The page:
The drumbeat of election rigging and foreign hacking of voting machines have energized ongoing efforts to develop a new model of digital election equipment designed to produce instantly verifiable results and dual records for security. Election experts say this emerging system, one of three publicly funded voting machine projects across the country, shows potential to help restore confidence in the country’s election infrastructure, most of which hasn’t been updated in more than a decade. “It’s the hardest thing I’ve ever done in my life. It’s taken years and years to get it done,” said Dana DeBeauvoir, the Travis County clerk and leader of the voting machine project. “Now that we’ve had this election, there’s renewed interest.” A prototype of the system, dubbed STAR Vote, sits in an engineering lab at Rice University, and bidding is open for manufacturers who want to produce it wholesale. Similar efforts to innovate voting systems are in the works in Los Angeles and San Francisco. “County clerks in these jurisdictions are the rock stars of running elections,” said Joe Kiniry, CEO of Free & Fair, an election systems supplier currently bidding on contracts to manufacture the designs of both Travis and Los Angeles counties. “If they have success in what they do, it will have, in my opinion, a massive impact on the whole U.S.”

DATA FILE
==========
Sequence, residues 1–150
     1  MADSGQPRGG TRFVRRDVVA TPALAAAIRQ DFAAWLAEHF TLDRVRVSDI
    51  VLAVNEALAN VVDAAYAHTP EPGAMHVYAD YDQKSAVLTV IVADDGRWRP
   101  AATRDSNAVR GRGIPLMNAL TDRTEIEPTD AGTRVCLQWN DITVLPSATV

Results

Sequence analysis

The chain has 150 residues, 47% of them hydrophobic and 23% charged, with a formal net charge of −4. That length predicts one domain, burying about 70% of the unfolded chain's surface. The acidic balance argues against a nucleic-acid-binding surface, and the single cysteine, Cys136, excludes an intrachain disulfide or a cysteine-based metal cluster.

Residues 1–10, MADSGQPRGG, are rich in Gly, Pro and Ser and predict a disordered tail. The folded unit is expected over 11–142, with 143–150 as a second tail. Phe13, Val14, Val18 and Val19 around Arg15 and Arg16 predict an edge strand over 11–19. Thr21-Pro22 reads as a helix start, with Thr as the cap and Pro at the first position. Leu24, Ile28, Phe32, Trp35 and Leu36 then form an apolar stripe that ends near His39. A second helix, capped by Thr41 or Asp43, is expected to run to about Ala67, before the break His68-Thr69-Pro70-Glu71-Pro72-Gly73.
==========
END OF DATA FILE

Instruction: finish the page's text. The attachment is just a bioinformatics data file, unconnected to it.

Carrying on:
Like any aging digital device, the voting machines are eventually bound to stumble, said Lawrence Norden, deputy director of the Democracy Program at the Brennan Center for Justice. He pointed to Detroit, where the number of votes counted didn’t match the number of voters who signed in. And he noted that reports of machines flipping votes more likely result from aged touch screens than a conspiracy to rig the election.
Yet there is seldom space in county budgets to replace the machines, which cost usually between $3,000 and $5,000 each. The vast majority of electronic voting equipment was purchased with federal funds from the Help America Vote Act of 2002. Most money reached the states by 2004, and there’s no foreseeable second wave of federal aid. “This is really an oncoming crisis,” said Norden, who interviewed more than 100 election officials for a 2015 report about aging voting equipment published by the Brennan center. “A lot of election officials have been unhappy with the choices that the major vendors are providing.”
That’s how DeBeauvoir felt 15 years ago. She’s run Travis County elections since 1987, and upgraded to digital equipment in 2001. Almost immediately the criticism came flying. With no paper trail, voters suspected that the machine hadn’t accurately tallied their vote. And DeBeauvoir said wary voters were egged on by critics who talked about fatal software flaws or malicious code planted as a “Trojan horse.”